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Tropentag, September 20 - 22, 2023, Berlin

"Competing pathways for equitable food systems transformation:
trade-offs and synergies"

Transformation and intensification of food crop production in Africa in light of increasing threats from pests and diseases

Stephan Winter, Samar Sheat

Leibniz Institute DSMZ, German Collection of Microorganisms and Cell Cultures GmbH, Germany


Pests and diseases present a major constraint to the production of food in Africa, threatening horticultural and agricultural crops alike and causing severe losses of harvest and income. To effectively respond to the increasing demand for food requires a transformation of the food production systems encompassing all components of the systems.
Plant health, starts with healthy and productive propagules. Because in Africa, most of planting materials are traded (exchanged) through informal systems, diseases are spread through human activities. The cassava virus diseases, Fusarium oxysporum TR4, and banana bunchy top virus in banana provide ample evidence for this uncontrolled threat. Seed health, even of commercial seeds, is not given the highest priority and outbreaks of virus diseases in soybean, groundnut and maize can be traced to seed-borne pathogens or, the use of contaminated seed (MLN in maize, ToBRFV in tomato). Pest populations driven by changing weather patterns cause direct damage (Tuta absoluta) or, indirectly, from the spread of virus diseases (Bemisia tabaci) that can destroy cultivation of crops like tomato, cassava or cotton. Healthy seeds and planting materials are the prerequisite for a productive crop and resistant varieties, the main element of disease management in field production systems. However, for many crops resistant, cultivars are not available and crop management in open fields is merely a sequence of chemical control interventions. To mitigate the impact of pests (and the diseases they spread) to horticultural crops, a transition from field production to protective cultivation in screenhouses, as already seen in few African countries, is likely the only option to guarantee a comprehensive crop management following the guiding principles of “good horticulture practices”. Under protective cultivation, a framework of measures that include bio-control agents and the sensitive application of pesticides can be applied that, in field production, are not feasible. Challenges and opportunities for African farmers will be highlighted.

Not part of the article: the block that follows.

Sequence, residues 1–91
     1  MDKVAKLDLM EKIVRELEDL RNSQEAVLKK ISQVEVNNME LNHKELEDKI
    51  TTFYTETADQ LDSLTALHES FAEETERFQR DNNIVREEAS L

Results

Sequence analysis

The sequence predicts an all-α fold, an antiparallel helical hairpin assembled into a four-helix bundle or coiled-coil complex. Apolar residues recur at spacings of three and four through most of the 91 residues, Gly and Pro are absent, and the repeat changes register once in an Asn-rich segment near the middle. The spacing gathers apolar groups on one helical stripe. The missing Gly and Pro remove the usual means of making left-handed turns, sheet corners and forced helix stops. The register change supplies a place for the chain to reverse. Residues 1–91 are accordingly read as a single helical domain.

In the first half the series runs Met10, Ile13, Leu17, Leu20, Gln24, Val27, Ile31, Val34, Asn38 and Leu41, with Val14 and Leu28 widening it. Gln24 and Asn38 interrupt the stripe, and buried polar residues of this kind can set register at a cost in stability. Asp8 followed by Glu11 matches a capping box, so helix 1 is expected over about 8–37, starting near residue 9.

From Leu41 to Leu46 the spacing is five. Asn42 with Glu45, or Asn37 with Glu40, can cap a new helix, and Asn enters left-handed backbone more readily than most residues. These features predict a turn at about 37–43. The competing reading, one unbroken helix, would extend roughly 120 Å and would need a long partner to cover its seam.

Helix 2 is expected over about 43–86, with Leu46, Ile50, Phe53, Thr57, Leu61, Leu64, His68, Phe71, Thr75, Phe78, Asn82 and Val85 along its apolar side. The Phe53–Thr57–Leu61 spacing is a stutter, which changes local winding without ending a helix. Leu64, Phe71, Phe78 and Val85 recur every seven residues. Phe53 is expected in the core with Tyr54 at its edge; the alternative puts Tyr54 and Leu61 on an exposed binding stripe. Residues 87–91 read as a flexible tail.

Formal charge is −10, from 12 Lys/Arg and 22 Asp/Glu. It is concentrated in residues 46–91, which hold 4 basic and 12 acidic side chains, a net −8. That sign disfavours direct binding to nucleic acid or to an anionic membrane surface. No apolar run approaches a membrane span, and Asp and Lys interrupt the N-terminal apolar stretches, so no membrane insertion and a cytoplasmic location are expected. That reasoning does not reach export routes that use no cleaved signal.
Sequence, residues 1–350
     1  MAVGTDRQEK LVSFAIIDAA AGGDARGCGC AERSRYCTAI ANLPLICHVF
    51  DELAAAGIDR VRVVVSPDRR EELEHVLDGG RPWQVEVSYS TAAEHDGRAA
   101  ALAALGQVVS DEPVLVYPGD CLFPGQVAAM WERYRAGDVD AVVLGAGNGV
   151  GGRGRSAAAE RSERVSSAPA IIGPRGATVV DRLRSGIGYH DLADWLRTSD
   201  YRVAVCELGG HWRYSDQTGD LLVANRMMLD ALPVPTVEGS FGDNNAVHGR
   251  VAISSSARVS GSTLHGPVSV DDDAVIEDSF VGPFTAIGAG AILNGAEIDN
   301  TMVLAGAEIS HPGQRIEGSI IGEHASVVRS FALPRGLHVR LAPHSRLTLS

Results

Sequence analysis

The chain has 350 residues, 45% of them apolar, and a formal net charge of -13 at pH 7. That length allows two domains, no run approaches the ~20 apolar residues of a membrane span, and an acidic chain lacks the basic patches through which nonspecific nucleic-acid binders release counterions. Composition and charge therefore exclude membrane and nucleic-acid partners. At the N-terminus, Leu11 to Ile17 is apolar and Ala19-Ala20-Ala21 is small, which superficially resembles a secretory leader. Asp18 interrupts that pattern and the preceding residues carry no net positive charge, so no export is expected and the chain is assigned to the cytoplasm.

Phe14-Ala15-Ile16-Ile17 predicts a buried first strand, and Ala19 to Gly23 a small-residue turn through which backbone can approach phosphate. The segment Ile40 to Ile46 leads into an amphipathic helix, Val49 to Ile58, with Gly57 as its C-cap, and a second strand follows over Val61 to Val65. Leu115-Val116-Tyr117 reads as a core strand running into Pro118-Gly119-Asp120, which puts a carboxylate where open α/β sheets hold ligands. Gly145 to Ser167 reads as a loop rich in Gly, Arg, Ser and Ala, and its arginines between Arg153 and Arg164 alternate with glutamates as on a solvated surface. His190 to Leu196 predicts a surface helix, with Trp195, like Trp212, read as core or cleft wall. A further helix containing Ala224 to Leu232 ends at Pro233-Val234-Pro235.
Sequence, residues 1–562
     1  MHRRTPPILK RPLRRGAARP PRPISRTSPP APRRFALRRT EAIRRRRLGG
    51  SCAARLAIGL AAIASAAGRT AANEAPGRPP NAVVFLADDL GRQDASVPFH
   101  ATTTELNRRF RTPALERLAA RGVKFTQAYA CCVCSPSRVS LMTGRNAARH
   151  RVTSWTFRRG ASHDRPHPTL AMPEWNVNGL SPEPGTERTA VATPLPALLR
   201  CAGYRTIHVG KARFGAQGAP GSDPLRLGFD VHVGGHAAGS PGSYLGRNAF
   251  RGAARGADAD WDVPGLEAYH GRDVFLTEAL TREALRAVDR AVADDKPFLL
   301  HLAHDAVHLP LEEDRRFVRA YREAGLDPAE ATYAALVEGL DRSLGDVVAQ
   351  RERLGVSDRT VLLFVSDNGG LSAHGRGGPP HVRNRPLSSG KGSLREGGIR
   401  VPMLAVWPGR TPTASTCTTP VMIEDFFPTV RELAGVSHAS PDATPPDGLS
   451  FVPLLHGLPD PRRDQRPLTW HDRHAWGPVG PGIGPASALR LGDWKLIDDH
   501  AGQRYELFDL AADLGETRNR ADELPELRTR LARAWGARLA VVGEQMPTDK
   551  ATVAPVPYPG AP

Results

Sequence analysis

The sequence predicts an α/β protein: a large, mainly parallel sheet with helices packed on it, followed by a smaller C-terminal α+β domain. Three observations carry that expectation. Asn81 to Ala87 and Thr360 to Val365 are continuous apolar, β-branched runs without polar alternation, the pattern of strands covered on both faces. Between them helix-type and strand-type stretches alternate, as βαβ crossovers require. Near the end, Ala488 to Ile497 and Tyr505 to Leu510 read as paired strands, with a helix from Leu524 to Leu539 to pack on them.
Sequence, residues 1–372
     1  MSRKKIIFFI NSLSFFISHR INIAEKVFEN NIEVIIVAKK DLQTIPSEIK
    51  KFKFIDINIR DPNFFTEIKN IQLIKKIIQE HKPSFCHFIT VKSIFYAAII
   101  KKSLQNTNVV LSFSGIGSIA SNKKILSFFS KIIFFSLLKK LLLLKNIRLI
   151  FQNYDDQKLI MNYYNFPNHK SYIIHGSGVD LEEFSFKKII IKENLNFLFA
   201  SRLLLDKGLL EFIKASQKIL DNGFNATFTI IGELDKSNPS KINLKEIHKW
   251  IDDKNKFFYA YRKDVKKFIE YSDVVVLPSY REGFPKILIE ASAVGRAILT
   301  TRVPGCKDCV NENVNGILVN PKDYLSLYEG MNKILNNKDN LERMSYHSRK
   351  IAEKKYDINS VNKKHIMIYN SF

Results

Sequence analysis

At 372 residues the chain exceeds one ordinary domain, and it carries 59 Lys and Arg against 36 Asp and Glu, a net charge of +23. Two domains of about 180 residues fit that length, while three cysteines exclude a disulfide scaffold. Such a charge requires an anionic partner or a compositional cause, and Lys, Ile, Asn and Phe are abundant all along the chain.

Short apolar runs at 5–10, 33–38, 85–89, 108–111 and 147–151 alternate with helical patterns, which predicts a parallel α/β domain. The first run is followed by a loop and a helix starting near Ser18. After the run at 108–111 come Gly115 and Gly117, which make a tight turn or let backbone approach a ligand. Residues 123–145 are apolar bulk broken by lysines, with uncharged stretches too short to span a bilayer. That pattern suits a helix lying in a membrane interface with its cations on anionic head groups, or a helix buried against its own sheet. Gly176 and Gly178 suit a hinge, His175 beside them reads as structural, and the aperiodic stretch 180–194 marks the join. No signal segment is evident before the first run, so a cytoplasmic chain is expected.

Keywords: Crop management, emerging disease threats, plant health

Contact Address: Stephan Winter, Leibniz Institute DSMZ, German Collection of Microorganisms and Cell Cultures GmbH, Inhoffenstraße 7B, 38124 Braunschweig, Germany, e-mail: stephan.winter@dsmz.de

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